In The Observer, literary editor Robert McCrum turns in a long reminiscence of the publishing biz in Britain in the 1980s. In 1979, when McCrum begins his career, “there is virtually no money, especially for writers. Novels are commonly signed up for £500, short-story collections for £200 or £300, or even less. When the hot-shot young agent Ed Victor sold a now-forgotten yarn, The Four Hundred by Stephen Sheppard, for a quake-worthy ‘six-figure advance,’ the shockwaves reverberated from Bloomsbury to Harmondsworth.” How things would change….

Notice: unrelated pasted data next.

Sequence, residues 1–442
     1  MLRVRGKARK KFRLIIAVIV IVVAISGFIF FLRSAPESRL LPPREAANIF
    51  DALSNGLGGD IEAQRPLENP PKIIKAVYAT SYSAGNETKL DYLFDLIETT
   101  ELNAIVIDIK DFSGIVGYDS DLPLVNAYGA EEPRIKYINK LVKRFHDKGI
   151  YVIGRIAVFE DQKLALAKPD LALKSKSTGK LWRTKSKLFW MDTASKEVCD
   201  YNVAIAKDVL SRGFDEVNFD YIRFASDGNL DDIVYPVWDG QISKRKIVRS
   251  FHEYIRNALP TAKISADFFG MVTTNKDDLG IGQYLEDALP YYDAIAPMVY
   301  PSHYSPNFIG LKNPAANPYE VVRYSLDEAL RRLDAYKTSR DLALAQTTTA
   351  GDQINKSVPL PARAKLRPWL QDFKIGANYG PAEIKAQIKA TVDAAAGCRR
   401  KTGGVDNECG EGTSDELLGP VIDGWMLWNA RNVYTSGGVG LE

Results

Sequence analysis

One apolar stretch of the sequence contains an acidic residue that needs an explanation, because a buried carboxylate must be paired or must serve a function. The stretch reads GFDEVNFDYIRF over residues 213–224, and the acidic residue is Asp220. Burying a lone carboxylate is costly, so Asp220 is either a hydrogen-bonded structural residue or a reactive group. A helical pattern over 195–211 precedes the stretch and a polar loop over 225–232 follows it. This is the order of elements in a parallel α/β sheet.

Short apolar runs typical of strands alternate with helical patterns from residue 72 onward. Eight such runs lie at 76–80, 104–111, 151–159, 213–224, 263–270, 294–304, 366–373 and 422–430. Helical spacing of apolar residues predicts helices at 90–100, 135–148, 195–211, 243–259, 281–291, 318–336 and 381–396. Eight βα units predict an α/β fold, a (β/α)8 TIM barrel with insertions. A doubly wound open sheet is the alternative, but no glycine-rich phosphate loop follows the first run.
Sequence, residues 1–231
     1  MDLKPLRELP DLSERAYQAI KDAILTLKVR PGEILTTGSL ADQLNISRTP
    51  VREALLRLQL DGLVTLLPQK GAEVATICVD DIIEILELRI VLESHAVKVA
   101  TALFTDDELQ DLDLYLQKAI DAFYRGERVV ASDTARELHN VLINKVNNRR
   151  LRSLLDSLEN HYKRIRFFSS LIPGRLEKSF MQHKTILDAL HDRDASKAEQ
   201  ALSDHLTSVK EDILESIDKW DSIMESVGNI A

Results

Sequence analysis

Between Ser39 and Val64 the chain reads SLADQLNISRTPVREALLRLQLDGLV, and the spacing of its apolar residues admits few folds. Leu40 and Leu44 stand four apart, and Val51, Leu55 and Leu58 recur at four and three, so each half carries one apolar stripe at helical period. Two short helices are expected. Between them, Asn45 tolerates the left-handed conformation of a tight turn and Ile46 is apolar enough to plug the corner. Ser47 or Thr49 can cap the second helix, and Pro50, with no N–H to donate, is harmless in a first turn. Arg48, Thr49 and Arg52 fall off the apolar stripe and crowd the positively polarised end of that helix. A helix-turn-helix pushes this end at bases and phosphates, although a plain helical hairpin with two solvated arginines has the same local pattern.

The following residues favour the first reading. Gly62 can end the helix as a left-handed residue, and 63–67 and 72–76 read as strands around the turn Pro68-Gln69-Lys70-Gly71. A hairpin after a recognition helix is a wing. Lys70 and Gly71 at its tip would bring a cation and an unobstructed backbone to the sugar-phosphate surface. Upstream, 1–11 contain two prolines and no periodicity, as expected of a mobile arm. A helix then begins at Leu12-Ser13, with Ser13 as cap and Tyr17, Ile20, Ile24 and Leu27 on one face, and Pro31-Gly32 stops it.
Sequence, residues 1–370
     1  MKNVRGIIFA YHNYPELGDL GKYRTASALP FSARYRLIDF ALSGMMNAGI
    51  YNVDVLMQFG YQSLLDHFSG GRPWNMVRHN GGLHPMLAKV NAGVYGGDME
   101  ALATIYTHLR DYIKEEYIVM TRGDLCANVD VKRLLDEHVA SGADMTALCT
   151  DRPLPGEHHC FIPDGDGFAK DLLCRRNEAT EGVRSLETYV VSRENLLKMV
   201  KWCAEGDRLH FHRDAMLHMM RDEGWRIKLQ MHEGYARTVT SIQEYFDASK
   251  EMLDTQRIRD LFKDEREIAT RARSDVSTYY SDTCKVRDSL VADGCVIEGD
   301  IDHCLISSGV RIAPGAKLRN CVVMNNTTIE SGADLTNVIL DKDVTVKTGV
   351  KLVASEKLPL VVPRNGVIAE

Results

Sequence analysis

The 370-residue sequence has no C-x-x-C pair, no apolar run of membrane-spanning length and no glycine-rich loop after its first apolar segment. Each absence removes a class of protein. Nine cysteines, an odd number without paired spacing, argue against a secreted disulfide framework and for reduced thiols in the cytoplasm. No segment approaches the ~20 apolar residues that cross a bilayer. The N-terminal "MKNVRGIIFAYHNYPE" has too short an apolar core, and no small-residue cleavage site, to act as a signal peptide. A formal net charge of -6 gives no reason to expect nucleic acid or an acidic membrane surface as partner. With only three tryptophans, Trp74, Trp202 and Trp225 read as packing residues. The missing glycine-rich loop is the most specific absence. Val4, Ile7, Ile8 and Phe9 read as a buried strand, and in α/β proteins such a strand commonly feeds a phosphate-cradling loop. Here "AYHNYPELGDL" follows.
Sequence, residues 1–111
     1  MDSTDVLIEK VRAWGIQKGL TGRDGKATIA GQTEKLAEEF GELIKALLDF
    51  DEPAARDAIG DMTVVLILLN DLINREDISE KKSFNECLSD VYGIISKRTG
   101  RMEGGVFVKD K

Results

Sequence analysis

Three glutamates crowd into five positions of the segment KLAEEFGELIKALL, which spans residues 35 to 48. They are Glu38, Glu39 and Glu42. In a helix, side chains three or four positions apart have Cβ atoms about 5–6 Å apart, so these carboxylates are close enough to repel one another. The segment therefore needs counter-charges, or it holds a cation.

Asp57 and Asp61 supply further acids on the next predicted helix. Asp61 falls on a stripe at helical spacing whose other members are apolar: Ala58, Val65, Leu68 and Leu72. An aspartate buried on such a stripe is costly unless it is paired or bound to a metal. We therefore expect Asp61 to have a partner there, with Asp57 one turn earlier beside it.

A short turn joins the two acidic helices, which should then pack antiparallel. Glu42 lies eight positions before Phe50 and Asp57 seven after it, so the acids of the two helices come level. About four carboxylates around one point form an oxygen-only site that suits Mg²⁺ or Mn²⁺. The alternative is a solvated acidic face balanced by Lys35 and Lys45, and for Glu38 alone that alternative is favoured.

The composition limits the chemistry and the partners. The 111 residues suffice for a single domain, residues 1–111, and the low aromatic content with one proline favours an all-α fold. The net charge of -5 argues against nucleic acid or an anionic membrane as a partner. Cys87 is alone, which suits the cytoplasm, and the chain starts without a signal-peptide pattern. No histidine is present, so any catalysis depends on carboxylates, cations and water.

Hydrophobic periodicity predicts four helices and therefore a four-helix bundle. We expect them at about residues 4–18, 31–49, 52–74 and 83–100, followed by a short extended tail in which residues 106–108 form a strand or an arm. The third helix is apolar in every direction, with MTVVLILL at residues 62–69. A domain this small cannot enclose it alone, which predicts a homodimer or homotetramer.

Robert McCrum’s look back